“In the meantime, people who start their businesses won’t have to rely on getting unemployment benefits,” she said. “They won’t need to be on Medicaid. They won’t need any kind of social services or as many social services they would need otherwise.”

A year earlier, Spiegel announced her candidacy for Secretary of State, but by February, she had changed her mind and switched to the race of observers. Spiegel said she realized that a “right track program” would be of greater benefit in the observer’s office.

“When I started thinking about it and started thinking about how important it is to have a strong financial manager for the state, it just became something that really aligned with my experience,” Spiegel said. “And it’s a place where I can really add a lot of value.”

Spiegel said she wants to guarantee the state the resources it needs and adequate funding, which can come from collecting debts owed to the state. When it comes to enforcing dues payments, the 2021 Legislature has passed AB482which allows the Office of the Secretary of State to suspend the trade license of a person who owes money to the state.

It’s up to the privilege of doing business in Nevada, said the observer, who hopes it’s up to the privilege of doing business in Nevada.

“I will also be working with the attorney general’s office to make sure that we care about what needs to be taken care of and that the force of law is actually applied,” she said. “Just saying to someone ‘beautiful please pay your debts,’ it didn’t really work.”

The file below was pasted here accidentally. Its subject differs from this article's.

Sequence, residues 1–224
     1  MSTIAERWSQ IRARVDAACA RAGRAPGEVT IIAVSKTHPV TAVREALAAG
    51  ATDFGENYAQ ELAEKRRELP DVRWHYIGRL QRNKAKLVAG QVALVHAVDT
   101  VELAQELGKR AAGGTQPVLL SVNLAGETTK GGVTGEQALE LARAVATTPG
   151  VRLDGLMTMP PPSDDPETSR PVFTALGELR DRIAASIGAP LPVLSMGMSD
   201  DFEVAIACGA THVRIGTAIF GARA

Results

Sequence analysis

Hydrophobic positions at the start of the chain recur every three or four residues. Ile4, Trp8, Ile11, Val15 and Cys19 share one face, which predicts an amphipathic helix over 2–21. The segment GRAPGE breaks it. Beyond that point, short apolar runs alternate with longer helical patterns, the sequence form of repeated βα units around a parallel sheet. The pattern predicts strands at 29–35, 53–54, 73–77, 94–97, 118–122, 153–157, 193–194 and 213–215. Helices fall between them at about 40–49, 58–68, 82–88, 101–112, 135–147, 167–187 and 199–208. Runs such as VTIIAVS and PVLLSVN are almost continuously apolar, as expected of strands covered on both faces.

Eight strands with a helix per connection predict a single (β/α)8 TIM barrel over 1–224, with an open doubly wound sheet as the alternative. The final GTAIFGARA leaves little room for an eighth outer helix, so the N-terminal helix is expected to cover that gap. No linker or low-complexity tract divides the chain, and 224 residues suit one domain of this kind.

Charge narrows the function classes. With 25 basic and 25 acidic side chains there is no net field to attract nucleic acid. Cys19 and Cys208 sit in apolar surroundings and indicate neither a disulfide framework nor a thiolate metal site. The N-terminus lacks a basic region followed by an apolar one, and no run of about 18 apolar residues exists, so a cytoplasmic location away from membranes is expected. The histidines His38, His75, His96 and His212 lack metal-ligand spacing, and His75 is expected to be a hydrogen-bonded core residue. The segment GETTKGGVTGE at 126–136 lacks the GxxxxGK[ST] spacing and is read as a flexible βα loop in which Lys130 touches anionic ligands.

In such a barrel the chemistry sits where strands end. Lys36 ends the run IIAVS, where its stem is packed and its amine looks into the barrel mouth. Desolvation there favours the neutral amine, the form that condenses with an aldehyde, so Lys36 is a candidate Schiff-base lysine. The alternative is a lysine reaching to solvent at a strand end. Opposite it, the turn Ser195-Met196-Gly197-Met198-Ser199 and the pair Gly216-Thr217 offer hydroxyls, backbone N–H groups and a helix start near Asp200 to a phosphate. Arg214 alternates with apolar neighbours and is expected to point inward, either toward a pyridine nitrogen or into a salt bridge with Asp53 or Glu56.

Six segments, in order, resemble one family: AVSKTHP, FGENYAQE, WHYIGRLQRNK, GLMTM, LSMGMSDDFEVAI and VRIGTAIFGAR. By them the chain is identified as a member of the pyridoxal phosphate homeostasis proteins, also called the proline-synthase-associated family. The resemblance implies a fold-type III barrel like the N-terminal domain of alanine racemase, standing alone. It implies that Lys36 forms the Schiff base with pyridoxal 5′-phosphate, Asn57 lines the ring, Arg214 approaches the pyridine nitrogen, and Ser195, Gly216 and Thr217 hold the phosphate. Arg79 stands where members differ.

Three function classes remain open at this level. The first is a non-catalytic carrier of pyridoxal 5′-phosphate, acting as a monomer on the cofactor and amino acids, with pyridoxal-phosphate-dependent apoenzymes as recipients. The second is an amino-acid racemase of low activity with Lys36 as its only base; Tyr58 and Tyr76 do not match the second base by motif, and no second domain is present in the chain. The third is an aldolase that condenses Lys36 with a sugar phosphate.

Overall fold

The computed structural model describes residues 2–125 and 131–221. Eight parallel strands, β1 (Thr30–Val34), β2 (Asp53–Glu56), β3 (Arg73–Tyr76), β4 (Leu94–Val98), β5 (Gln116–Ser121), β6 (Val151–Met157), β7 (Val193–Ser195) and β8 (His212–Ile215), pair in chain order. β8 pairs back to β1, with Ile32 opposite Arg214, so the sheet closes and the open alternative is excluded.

She said that increased collection of money owed to the state could pay dividends – literally – by making more money available to the state’s priorities without raising taxes.

When asked if she thinks Nevada is ready in a recession, as the Federal Reserve tries to get inflation by raising interest rates, Spiegel said, “It depends.”

She explained that there is still a lot of pent-up tourism demand – the state’s economy is still largely dependent on tourism – and month after month, tourism and gaming numbers are breaking records. If he continues to do so, she said, it will allow the state to get a “rainy day fund” to help in the recession.

“But at the same time, the state also needs to be able to live within the needs of its own budget,” Spiegel added. “[We need to] See how we can better manage the money we have, because we don’t have enough money to meet the state’s needs.”

Spiegel, as the controller, said it will hold roundtables with business owners, both in person and virtually, to ask them directly how the state can best serve businesses and what they need.

“It doesn’t tell them what we are going to do to them. She is asking them so we can respond,” she said. “I really understand… because you have different issues in northern Nevada versus southern Nevada and rural Nevada. And the thing is, we have to make Nevada work for everyone.”

Spiegel also hopes to use its technology expertise to update the console’s government vendor portal, which it considers difficult to use, outdated and cumbersome.

“You always have to think about the user experience,” she said, whether it’s to reach out to the community to pass legislation or make the seller experience easier with an updated portal. “I always went to my constituents and asked them what was important to them…I think the government should respond to Nevadan’s needs.”